Poker Skill Elements Receive Boost in Dutch, German Court Rulings
Poker’s growing recognition as a game of skill has received a boost this month in two separate court rulings in Europe. In the Netherlands, an upper-level Dutch court has reaffirmed an earlier ruling that a small, semi-private tourney was not illegal under Dutch gambling law, while in Germany, a middle-level administrative court (similar to an appellate court) has reversed a lower-court ruling that held poker tourney buy-ins to be gambling wagers.
The Netherlands case in particular is good news for fans of poker. The case in question had bounced around for about seven years, following the arrest of the owners and operators of a €10 re-buy poker tournament at Amsterdam’s Café de Viersprong Bussum.
The cafe’s owners, Richard Blaas and Rene Kurver, were finally vindicated last week, though the damage had long since been done: their cafe had been shuttered by police following their 2007 arrest.
The pair’s attorney, Peter Plasman, also figured in an earlier Dutch case where poker’s skill elements also played a role. That was the 2010 prosecution of Dutch pro player and tourney organizer Steven van Zadelhoff, who was charged with similar violations of the country’s gambling codes. Plasman appears to have drawn on his experience (and prior expert testimony) from the Zadelhoff case in winning acquitals for the former cafe owners, though he has cautioned in several public interviews that the issue remains unsettled, and verdicts are likely to be issued on a case-by-case basis.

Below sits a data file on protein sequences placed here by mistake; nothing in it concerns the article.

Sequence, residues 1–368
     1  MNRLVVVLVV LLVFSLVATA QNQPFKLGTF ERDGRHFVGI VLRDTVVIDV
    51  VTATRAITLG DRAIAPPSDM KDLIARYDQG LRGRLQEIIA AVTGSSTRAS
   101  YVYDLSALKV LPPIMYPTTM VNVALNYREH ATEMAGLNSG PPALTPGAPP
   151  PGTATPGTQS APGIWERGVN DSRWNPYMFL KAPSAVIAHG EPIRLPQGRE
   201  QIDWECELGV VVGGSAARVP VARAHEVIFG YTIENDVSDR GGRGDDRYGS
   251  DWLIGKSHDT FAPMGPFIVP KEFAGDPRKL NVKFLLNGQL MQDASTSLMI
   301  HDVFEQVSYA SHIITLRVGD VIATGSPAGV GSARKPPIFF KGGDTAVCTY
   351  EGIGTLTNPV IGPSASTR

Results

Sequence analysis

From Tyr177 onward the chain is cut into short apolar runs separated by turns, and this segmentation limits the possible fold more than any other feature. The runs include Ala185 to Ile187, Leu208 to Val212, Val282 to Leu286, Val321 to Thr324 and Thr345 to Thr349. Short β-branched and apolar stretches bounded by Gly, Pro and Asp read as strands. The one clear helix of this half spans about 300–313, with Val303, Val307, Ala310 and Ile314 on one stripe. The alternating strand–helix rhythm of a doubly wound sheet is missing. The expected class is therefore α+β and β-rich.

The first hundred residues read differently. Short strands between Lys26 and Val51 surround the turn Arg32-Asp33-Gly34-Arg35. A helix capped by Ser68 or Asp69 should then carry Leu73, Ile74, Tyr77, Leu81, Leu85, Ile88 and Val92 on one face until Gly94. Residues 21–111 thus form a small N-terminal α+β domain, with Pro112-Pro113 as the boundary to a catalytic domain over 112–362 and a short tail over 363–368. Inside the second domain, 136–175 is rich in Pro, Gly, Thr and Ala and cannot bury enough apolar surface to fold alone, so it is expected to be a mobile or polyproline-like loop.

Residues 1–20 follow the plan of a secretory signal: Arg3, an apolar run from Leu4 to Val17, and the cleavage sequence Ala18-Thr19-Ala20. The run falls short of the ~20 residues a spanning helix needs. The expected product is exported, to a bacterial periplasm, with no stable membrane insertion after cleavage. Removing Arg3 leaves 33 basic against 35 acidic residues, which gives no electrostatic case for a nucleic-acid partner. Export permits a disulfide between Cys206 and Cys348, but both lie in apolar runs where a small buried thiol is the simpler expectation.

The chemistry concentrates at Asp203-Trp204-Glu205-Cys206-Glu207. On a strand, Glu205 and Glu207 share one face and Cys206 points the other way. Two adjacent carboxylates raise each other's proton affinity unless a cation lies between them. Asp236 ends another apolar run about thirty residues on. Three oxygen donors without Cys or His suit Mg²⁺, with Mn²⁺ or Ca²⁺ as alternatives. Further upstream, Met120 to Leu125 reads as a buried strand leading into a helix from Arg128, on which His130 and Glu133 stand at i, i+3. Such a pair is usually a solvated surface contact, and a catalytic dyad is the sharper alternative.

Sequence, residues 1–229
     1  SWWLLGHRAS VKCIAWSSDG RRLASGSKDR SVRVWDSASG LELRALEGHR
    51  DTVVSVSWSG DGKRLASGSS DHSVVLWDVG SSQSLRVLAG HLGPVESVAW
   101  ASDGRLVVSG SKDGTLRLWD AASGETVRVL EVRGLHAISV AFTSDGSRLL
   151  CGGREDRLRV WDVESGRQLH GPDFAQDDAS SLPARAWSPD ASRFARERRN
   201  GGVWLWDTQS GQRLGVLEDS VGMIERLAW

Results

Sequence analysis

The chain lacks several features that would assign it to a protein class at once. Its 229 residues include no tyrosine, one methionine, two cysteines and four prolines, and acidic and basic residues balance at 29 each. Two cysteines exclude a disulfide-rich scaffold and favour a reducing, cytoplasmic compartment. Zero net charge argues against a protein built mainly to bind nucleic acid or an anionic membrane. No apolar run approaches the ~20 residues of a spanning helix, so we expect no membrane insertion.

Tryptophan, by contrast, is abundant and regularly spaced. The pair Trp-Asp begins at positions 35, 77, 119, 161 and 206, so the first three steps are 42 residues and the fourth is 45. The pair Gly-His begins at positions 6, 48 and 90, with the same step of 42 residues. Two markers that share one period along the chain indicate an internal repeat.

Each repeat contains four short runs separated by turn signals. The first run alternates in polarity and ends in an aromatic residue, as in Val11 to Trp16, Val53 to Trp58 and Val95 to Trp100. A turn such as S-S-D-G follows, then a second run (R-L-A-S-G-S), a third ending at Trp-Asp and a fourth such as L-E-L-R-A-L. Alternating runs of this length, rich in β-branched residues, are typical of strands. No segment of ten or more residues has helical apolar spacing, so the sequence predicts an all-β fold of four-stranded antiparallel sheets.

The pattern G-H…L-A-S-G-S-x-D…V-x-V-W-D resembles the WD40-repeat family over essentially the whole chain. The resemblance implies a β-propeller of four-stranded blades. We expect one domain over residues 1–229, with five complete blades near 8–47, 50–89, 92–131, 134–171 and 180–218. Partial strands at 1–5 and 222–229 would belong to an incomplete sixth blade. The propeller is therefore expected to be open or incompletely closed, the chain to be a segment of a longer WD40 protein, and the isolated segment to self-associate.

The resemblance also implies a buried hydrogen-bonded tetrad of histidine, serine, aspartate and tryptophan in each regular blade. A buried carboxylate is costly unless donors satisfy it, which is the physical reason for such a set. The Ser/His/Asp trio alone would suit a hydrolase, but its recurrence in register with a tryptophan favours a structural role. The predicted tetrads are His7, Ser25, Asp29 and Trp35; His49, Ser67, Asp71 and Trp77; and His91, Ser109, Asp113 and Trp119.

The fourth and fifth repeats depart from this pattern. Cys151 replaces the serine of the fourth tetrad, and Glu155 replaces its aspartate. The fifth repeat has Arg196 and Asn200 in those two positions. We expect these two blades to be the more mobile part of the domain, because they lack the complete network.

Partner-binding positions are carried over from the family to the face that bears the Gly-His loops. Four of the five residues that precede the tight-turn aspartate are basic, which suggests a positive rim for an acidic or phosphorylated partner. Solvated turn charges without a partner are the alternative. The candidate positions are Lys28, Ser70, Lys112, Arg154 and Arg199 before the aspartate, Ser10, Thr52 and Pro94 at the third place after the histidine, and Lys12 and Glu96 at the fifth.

As Plasman told a European PokerNews site in connection with the case, “The fact that two different courts came to the same conclusion might make the prosecutor say that it’s time to halt bringing people in front of the criminal court. That is to me a sound reasoning, but I can’t be sure.”
In nearby Germany, home to one of Europe’s most vibrant and numerous poker-playing populations, another “good for poker” ruling has emerged. This case involved the country’s recently updated Interstate Treaty on Gambling, which has gone through multiple rewrites in the last decade. The case in question specifically addressed a €15 administrative fee that was being charged on a satellite tournament to a larger poker event being held in the neighboring Czech Republic.
This one was a trickier sort of question, because it involved one of the three traditional legal prongs of gambling activity (consideration in the form of a direct wager) as used in many Western countries, but the court ruled that the fee in question was not a wager.
The recent decision came to light in a brief update on the DLA Piper gaming blog, which noted that this is the second such German legal ruling affecting entrance fees in recent months. The earlier ruling, dating from October of last year and affecting German fantasy sports leagues, appears to have employed similar legal logic. However, as the DLA Piper scribe Patrick Schwarzbart duly noted, the full text of this latest decision has yet to be released — which may include identification of the case’s defendant, who appears to a be a woman in Lutherstadt, Wittenberg. (Wittenberg is a German state.)
Here’s the text release of the German case, taken directly from the German court’s press release on the case, and as translated by Google: